June 21st, 2016
Caleb is thinking about adding property video to his services. He says:
I have been thinking about adding property videos. I have looked at all the information you have on the blog, but I was wondering what gear you and the amazing people here on the PFRE blog would recommend for someone just getting started. I am hoping to stay at about $1000, or is that even possible? Should I stick with sliders, and pan heads, or should I go the stabilizers route. With my budget I don’t know if I can afford both.
Most real estate videographers do either walk through video (with a stabilizer) or cinematic video (with sliders, jibs or cranes). There’s no right way, it’s more of a stylistic choice. So starting out doing one or the other makes good sense. You first need to decide which style you like best. I’ll let readers promote their favorite style.
One big factor that always comes up when we talk about getting started in video is to keep it very simple to begin with. Here is Fred Light’s great advice in this area:
Keep it very simple to begin with. The tools you can use for video can get VERY expensive VERY quickly. It’s FAR more involved than still photography. If you enjoy shooting video and you find that it’s a viable business option for you, THEN you can break the bank! (and it’s very easy, trust me! I feel like I funded the west wing of B & H Photo!)
You need to deal with shooting, editing, lighting, audio, compression, purchasing royalty free music, and a whole lot more – and that’s only the beginning. You’ll need more powerful computers, much larger storage devices (everything is moving to 4K pretty rapidly and the files are massive) and putting together a video can be very time-consuming, so establishing an efficient workflow is very important or you will spend hours and hours editing your project. If you’re not charging enough to cover that time, you’ll burn out pretty quickly!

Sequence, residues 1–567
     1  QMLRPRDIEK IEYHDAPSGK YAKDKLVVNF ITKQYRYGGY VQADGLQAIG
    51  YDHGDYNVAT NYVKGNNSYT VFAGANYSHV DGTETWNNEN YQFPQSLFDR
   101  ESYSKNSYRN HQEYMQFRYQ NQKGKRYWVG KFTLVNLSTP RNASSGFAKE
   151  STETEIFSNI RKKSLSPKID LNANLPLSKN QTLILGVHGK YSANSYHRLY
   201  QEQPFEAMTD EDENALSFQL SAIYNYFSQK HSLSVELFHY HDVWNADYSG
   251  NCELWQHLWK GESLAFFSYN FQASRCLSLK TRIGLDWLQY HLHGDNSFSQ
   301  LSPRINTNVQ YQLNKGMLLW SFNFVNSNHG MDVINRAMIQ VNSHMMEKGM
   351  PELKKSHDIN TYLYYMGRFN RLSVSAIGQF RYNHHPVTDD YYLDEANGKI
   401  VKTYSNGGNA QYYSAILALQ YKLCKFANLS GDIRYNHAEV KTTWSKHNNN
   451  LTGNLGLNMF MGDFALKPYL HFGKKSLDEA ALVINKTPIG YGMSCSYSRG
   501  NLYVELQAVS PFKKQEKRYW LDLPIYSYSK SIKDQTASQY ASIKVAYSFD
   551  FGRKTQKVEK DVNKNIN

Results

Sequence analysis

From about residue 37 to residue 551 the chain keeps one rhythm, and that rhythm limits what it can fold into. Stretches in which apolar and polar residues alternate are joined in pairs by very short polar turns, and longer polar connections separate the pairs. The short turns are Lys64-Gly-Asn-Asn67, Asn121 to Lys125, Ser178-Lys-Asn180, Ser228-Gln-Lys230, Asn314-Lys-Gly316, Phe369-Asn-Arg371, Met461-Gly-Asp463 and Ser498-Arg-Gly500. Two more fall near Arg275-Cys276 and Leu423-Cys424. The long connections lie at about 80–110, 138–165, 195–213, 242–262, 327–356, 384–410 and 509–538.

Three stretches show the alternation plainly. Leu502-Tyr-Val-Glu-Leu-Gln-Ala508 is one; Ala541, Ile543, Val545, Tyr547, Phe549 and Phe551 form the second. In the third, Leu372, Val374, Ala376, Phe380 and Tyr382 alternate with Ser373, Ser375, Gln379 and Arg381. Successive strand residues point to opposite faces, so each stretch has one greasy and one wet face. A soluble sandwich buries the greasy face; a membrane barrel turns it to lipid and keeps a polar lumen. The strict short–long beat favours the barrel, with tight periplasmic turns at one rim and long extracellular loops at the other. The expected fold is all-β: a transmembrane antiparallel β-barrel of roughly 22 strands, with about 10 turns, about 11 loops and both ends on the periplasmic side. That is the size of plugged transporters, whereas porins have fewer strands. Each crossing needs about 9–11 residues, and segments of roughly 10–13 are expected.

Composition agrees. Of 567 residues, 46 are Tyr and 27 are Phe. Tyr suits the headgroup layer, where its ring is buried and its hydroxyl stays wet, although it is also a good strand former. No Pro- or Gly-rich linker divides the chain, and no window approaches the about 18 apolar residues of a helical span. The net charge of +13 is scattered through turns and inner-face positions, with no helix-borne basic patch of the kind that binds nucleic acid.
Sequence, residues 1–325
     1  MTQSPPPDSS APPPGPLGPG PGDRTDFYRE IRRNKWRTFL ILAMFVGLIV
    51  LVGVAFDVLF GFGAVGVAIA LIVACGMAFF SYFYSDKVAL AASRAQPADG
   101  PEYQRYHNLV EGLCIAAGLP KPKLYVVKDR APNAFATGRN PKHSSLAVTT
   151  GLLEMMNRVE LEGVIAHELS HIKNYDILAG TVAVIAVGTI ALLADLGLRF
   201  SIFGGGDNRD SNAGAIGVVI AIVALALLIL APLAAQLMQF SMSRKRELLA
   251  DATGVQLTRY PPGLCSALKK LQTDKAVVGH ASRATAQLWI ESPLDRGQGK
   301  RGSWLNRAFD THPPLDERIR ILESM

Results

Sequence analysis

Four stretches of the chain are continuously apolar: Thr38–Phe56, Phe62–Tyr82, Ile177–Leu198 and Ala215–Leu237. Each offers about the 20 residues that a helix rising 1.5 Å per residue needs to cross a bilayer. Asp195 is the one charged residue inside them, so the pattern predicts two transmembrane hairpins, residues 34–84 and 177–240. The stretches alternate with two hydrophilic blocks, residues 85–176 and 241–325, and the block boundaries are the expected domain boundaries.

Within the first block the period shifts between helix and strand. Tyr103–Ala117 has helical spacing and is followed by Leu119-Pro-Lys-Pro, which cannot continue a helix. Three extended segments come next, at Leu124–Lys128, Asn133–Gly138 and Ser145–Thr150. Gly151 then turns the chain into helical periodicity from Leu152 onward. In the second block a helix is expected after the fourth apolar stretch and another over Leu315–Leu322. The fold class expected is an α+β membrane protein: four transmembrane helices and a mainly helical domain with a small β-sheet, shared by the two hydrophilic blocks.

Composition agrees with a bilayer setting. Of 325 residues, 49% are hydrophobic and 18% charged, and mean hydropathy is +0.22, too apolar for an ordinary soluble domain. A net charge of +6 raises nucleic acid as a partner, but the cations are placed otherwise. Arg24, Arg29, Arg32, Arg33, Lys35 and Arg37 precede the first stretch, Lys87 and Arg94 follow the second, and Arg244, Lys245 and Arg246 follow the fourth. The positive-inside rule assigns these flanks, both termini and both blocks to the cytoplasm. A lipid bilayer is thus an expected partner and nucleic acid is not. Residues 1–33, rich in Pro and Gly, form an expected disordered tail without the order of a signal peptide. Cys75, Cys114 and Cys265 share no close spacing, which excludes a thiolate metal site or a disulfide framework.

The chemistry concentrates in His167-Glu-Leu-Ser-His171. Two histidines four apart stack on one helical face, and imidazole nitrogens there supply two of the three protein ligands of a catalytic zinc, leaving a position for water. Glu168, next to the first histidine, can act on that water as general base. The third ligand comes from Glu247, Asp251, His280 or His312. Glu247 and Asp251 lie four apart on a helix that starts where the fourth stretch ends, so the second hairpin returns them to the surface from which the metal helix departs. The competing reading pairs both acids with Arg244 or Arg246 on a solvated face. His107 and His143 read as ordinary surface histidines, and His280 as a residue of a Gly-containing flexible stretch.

As far as software, you can still get MovieMaker for Windows 10 which is free and I would assume fairly easy to use (probably similar to iMovie).
Some other great advice for getting started is from Charlie Dresen:
Gear does not matter. Captivating story telling trumps all.
Yes, a great camera, lens, slider, iMac with Premiere helps, but just because you have all that gear doesn’t mean you’ll make money in the real estate video arena. You have to tell a good story and make a video people want to watch. Then your business will grow.
So here are some resources for learning to shoot video with a DSLR/Mirrorless:
- Here’s a good book on the basics of shooting HD Video with Your DSLR. There are many others but this is one of my favorites.
- Malia Campbell has some posts on her blog about getting started in video.
- Here is an article on ReelSEO.com about royalty free music and sources for royalty free music.
- Update 6/29: In case you missed it, Lyndon Davey supplied a great link in his comment below for Dave Dwyer’s getting started in real estate video page and video.
Anyone else have any resources to recommend for people getting started in shooting property video?